Compared to the numbers a decade ago, these show rather encouraging development. And before I conclude, I want to share a brief story about gender equality in the Foreign Ministry. For the past ten years, the new female recruits outnumbered their male counterparts. Furthermore, the three best students of Foreign Service Academy mostly held by female participants. Yes, there are only 12 women ambassadors out of 98 sitting  Ambassadors at the moment, but it is slightly bigger proportion compared to when I started joining the Service, where there is only 11% of women in the class. This shows that the intervention made a difference.  There have been a number of gender-neutral policies replaced by more gender-sensitive ones in the Ministry.


To be honest, we still have a lot of homework to be done to reach gender equality in Indonesia. Our society is very complex. We lived on 17 thousand islands across some 2 million square kilometers.  We come from around 1.300 ethnic groups, and speak around 300 different languages, embracing different religions and faiths. Different traditions, religions, levels of education, pose challenges in implementing gender equality across the country. But we realize that women make up almost half of the population. We know that women’s role in the economy as well as in politics, is as important as in their socio-cultural responsibilities. As a nation, we have agreed to advance the role of women in all walks of life. It is the practical day today’s implementation that sometimes faces difficulties, as women advancement is not always easily socially accepted. But we are on the right track of reaching there. I have confident that before we know it, we will be there, where equality for all is not only a slogan, but a reality.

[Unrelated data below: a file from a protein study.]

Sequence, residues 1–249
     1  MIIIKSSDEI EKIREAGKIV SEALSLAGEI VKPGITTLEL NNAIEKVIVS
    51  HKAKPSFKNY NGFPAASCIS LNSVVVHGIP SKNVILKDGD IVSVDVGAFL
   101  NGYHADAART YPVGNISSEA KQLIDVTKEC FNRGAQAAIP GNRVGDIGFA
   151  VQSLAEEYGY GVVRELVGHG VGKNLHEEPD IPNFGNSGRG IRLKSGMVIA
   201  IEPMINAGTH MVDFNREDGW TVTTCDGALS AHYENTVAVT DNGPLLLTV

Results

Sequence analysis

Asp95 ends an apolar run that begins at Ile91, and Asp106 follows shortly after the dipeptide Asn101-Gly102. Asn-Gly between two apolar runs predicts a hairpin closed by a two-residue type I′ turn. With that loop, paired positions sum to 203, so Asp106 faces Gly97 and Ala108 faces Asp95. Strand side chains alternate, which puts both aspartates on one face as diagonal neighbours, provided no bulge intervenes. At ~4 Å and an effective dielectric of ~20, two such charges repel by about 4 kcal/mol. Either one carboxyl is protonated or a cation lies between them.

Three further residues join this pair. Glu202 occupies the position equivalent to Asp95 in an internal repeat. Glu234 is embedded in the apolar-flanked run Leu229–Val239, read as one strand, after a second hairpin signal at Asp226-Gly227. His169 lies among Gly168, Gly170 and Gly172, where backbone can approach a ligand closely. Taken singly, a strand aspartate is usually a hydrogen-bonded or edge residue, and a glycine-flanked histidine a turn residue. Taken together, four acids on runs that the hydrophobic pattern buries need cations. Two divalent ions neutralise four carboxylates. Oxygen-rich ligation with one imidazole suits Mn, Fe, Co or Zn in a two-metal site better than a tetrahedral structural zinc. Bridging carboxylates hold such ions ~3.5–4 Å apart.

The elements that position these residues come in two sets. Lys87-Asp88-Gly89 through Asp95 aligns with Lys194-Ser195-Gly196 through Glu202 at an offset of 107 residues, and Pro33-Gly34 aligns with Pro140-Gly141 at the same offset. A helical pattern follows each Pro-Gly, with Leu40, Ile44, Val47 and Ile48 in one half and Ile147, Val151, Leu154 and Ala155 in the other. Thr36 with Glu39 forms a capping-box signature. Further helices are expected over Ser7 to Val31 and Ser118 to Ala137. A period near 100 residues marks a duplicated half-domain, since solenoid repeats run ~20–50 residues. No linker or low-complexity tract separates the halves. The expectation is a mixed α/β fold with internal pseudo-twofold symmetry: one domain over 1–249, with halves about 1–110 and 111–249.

Siti Nugraha Mauludiah – Ambassador of the Republic of Indonesia to Poland